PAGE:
Decision of the Austrian Data Protection Authority Raises GDPR Concerns for Users of Cloud-Based Services

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Achieved Compliance

The Austrian data protection authority (the “Austrian DPA”) recently published a decision that could have significant implications in other EU Member States and result in a ban of Google Analytics across the EU. Achieved Compliance believes this ruling could expose any company that uses cloud-based website and application monitoring services and collects information to regulatory scrutiny. Therefore, users of Google Analytics and similar services should be aware of this important development regarding GDPR concerns for users of cloud-based services.

None of Your Business (“NYOB”), the non-governmental organization co-founded by privacy activist Max Schrems, brought the case against an Austrian website provider and Google. It centers on the question of whether transfers of EU personal data to Google and Facebook in the U.S. resulting from the use of cookies are still permitted after the Schrems II judgment. The Austrian DPA ruled that the use of Google Analytics cookies by the website operator violates Chapter V of the General Data Protection Regulation (“GDPR”), which establishes rules governing international transfers of data, and the Schrems II decision of the Court of Justice of the European Union.

In its decision, the Austrian DPA concluded that the use of Google Analytics cookies by an Austrian website named in the compliant involved the collection and subsequent transfer of personal data to Google in the U.S., including unique user identification numbers, IP addresses and browser parameters. The Austrian DPA found that the Standard Contractual Clauses (“SCCs”) entered into between the website operator and Google did not provide an adequate level of protection, raising GDPR concerns.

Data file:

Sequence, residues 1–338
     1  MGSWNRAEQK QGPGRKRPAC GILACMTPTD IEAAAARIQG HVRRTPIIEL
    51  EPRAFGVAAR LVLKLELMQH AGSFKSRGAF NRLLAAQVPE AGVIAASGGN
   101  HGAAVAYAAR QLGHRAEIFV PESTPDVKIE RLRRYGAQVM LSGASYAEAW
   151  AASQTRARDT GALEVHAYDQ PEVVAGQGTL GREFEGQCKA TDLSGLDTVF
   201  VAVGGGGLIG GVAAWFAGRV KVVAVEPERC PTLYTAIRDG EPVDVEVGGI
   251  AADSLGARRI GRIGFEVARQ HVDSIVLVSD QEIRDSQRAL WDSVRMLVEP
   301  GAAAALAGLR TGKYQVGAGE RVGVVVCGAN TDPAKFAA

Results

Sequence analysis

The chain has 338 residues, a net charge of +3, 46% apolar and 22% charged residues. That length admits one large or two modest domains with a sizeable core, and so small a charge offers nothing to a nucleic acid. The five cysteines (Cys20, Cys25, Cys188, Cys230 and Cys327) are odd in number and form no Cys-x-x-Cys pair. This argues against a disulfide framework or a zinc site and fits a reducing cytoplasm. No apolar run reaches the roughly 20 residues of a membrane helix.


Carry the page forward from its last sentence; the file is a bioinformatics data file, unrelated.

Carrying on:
The DPA cited two bases for its decision:

First, it noted that Google qualifies as an electronic communications service provider and is therefore subject to surveillance by U.S. intelligence agencies under U.S. surveillance law. Secondly, the DPA highlighted that the additional technical and organizational safeguards Google implemented were not effective in closing the legal protection gaps identified in the Schrems II judgment. Further, the Austrian DPA found that the technical measures, in addition to SCCs, do not eliminate the possibility of surveillance by U.S. intelligence agencies, and their access to personal data. The Austrian DPA noted that the organizational and contractual measures implemented by Google did not provide an adequate level of protection for personal data transferred to the U.S. These measures include (i) notifying data subjects about government access requests, (ii) publishing transparency reports, (iii) maintaining a policy on the handling of government authority requests, and (iv) assessing each government authority request.

It is important to note that The Austrian DPA found that, in keeping with guidelines recently released by the European Data Protection Board on what constitutes an international transfer for purposes of the GDPR, GDPR applies only to exporters of data, not to U.S. importers. The Austrian DPA found the website operator in violation of the GDPR violation, not Google.

This complex and evolving issue could have a significant impact on all cloud-based transfers from the European Economic Area to the United States. It will likely prompt EEA data exporters to conduct far more extensive due diligence on their vendors.

Contact Achieved Compliance to discuss the details of the Austrian DPA’s decision and its possible effect on your business.